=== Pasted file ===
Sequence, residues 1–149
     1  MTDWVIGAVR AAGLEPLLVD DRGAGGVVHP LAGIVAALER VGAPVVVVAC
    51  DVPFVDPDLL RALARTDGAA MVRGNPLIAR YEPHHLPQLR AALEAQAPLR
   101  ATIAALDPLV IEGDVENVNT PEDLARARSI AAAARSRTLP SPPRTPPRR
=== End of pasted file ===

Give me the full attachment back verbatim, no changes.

Sequence, residues 1–149
     1  MTDWVIGAVR AAGLEPLLVD DRGAGGVVHP LAGIVAALER VGAPVVVVAC
    51  DVPFVDPDLL RALARTDGAA MVRGNPLIAR YEPHHLPQLR AALEAQAPLR
   101  ATIAALDPLV IEGDVENVNT PEDLARARSI AAAARSRTLP SPPRTPPRR